She said the organization plans to lean heavily on donors to make up the funding gap while staff members assess how they’ll cope. Among the possibilities are instituting copays of $10-$15 per visit, shortening hours and trimming spending. She doesn’t plan to lay off staff, but said she may not be able to fill jobs when people leave or retire.

Minnesota is planning fees as well.

“We’ll continue to offer all services, and keep clinic doors open, but we’ll be charging patients on a sliding scale who we didn’t charge before,” Stoesz said. “Vulnerable people who previously were able to access birth control and STD testing for free will no longer be able to do so.”

Elsewhere, the impact of Planned Parenthood’s withdrawal will vary from state to state.

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Governments in some states, including Hawaii, Illinois, New York and Vermont, say they will try to replace at least some of the lost federal funding. In the Deep South there will be little impact because Planned Parenthood did not provide Title X services in most of the region’s states.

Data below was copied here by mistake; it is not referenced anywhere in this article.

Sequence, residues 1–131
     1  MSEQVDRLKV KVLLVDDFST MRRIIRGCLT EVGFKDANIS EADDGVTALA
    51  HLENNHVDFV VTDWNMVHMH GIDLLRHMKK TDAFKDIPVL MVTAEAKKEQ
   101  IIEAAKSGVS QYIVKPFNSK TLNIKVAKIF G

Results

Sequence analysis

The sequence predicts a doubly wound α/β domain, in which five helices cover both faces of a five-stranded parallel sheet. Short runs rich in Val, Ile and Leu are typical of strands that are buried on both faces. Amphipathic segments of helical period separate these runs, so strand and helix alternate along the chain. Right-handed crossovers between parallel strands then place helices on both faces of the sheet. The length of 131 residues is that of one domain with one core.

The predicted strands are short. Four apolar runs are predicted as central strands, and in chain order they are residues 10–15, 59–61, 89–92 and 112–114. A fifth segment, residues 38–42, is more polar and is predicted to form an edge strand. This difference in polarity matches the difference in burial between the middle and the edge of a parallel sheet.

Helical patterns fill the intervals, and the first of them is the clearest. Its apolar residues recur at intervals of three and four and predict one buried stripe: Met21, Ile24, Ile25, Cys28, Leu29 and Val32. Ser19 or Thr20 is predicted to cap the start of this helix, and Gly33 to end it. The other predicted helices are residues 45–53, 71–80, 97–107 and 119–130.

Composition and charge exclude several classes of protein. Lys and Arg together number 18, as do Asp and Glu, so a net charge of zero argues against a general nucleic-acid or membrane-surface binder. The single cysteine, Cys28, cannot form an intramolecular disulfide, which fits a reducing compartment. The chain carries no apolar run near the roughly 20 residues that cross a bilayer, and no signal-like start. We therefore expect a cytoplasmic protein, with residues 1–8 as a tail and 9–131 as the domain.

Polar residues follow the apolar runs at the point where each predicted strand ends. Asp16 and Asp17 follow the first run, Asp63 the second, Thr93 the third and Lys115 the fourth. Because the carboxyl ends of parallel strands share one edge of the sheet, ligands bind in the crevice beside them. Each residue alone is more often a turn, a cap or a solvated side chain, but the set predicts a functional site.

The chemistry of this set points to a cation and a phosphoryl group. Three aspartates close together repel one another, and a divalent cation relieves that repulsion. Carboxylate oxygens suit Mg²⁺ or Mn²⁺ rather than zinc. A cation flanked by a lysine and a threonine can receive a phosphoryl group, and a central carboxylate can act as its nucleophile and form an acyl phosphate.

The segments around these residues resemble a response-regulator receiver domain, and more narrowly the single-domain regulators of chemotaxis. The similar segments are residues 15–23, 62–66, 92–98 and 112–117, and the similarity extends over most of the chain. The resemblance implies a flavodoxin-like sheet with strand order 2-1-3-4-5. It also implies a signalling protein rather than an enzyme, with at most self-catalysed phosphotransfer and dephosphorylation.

The chief operating officer for Planned Parenthood of the Greater Northwest and Hawaiian Islands, Rebecca Gibron, said Southern Idaho could be hit hard by the changes, with other health care providers in the area saying they can’t fill the gap if the roughly 1,000 low-income women served by Planned Parenthood in Twin Falls are no longer able to receive care.

“This was not money that can simply be made up by raising dollars from donors,” Gibron said. “We have rent to pay, we have staff salaries … there are limits to what we are able to do in terms of providing free care without the Title X program.”